Black Malaysian Trumpet Snail

Malaysian Trumpet Snail Care, Breeding, and Population Control

Malaysian trumpet snails are easy to keep. Their care becomes challenging in only two scenarios:

  • Breeding specific colors — Keeping specific colors can be a challenging task without a degree of control; you’ll have to cull the snail population of undesired colors.
  • Overfeeding — Malaysian trumpet snails can become a pest but only if you overfeed your tank; limit their food supply and you limit their numbers.

In this comprehensive article, we will explore the fascinating world of Malaysian trumpet snails, covering everything from their appearance and behavior to their care and benefits in aquariums. 

Their fame (or infamy) often precedes them, but here you’ll find valuable insights about these unique aquatic creatures.

What Are Malaysian Trumpet Snails?

Malaysian trumpet snails, scientifically known as Melanoides tuberculata, are small freshwater snails commonly found in aquariums and ponds.

These snails are renowned for their unique spiral-shaped shells and their beneficial role in maintaining the ecological balance of aquatic environments. Malaysian trumpet snails (MTS) are the best burrowing snails you can get!

Appearance and Characteristics

Malaysian trumpet snails have distinct features that make them easily recognizable. They typically grow to be about 1 to 2 centimeters in size and have elongated, cone-shaped shells that spiral upwards.

The color of their shells can range from light brown to dark brown and black, with some displaying a yellowish hue.

The average lifespan of Malaysian trumpet snails is 11-14 months.

Behavior and Lifestyle

These snails are primarily nocturnal. They really like darkness. So much so they spend their days burrowed in the substrate of the aquarium or pond, only emerging at night to forage for food and explore their surroundings.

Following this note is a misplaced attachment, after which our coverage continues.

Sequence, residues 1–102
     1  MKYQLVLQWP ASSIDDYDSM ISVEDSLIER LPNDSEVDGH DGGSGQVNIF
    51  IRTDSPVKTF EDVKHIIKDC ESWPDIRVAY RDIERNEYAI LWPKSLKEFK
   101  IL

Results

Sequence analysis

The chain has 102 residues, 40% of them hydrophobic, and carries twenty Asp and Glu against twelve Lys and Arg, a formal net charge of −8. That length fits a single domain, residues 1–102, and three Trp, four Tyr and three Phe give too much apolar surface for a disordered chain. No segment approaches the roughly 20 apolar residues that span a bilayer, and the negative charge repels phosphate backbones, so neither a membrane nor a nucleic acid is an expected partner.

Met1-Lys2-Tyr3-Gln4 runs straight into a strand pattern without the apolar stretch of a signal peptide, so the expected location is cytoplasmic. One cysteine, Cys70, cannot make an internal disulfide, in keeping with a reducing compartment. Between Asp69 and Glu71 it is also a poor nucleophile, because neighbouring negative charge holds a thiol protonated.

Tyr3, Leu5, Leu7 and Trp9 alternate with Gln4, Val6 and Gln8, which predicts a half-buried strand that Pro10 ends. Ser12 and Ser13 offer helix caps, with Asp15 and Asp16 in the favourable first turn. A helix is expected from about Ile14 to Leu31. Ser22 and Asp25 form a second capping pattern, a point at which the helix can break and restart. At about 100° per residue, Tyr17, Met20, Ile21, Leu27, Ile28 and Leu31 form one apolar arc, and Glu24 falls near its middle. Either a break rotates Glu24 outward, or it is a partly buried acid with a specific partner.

They eat fish food, decaying leaves, and other detritus found on the aquarium floor and underneath it.

MTS don’t eat healthy plants beyond the occasional algae nibble. This snail aerates the substrate and helps the formation of healthy mulm, but Malaysian trumpet snails are not the most voracious algae eaters.

Benefits of Malaysian Trumpet Snails

  • Aeration — Malaysian trumpet snails are skilled burrowers. Their constant movement through the substrate helps to prevent compaction and allows for better water circulation and oxygenation.
  • Algae control — These snails are excellent algae grazers. They feed on the algae that tend to accumulate on aquarium surfaces, helping to keep your tank clean.
  • Detritus removal — Malaysian trumpet snails consume decaying plant matter and uneaten fish food, preventing the accumulation of detritus and improving water quality.
  • Nutrient cycling — Their waste is beneficial to plants, as it releases nutrients into the water that can be absorbed by aquatic vegetation.
  • Natural aquarium cleaners — These snails can serve as natural tank cleaners, reducing the need for excessive maintenance.

Housing and Care

When keeping Malaysian trumpet snails in your aquarium, consider the following care guidelines:

Tank Setup

Provide a well-aerated and filtered aquarium.

Use fine gravel or sand substrate to facilitate burrowing. In a dirted tank, make sure to cap the topsoil with a thick layer of sand (thicker than 1 inch or 2cm) to minimize any soil leaching into the water column.

Ensure stable water parameters with a pH range of 7.0-8.0 and a temperature range of 70-82°F (21-28°C).


MTS are detrivors that will munch on anything lying on the bottom and even under the substrate. Decaying food, leaves, soft algae here and there are the Malaysian trumpets to scour and devour, in the darkest hour of the night.